SPSS Statistics 17.0 for Windows (SPSS Inc., Chicago, IL, USA) and MS Excel 2003 (Microsoft Office 2003, Microsoft, Redmond, WA, USA) were used for all statistical analysis. The names of all individuals, gender, date of birth, and date of X-rays were recorded on the orthopantomogram. According to the results reported by Cameriere et al. and De Luca et al., a cutoff value of 0.08 was used for consideration if a person was a minor of 18 years of age or older. This means that an individual is considered to be 18 years of age or older if the I3M is lower than 0.08.
The sensitivity of the test, p1(i.e., proportion of individuals older than or equal to 18 years of age who have I3M< 0.08) as well as the specificity, p2(i.e., proportion of individuals younger than 18 who have I3M≥ 0.08), were evaluated. The efficacy and accuracy of the I3M have proved helpful in discriminating between individuals who are aged 18 years and are not aged 18 years by the posttest probability of being 18 years of age or more (i.e., the proportion of individuals with I3M<0.08 who are older than or equal to 18 years).
According to Bayes' theorem, posttest probability may be written as:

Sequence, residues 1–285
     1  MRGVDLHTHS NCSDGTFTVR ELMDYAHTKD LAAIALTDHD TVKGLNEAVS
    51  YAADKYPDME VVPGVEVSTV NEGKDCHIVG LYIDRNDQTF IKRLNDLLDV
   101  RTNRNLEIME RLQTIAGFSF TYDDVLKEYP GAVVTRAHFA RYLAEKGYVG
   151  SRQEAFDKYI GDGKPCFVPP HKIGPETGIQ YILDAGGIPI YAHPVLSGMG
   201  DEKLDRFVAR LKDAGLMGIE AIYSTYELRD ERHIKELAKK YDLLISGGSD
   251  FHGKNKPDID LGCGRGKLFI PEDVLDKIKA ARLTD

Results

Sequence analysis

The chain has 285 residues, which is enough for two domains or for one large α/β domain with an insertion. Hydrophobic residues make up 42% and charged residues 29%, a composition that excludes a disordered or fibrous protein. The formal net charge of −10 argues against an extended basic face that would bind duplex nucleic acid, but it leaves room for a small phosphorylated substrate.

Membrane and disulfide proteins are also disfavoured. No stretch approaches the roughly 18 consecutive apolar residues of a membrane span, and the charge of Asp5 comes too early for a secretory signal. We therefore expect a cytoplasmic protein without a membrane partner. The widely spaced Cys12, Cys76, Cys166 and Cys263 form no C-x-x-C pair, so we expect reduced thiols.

Where P is posttest probability and p0 is the probability that the individual in questioning is 18 or older, presuming that individual is aged between 14 and 23 years, which represents the designated population. Probability p0 was evaluated with the data retrieved from the statistical office of India (http://www.indiastat.com/).
| Results|| |
Real age gradually decreased as I3M increased for both males and females [Figure 2]. The mean age for both genders varied across I3M classes and the differences were statistically significant for the third age group [Table 2]. Noteworthily, the mean age of males was higher than that of females when I3M was between 0.08 and 0.3 (P< 0.001). No significant difference was observed in the maturation of males and females.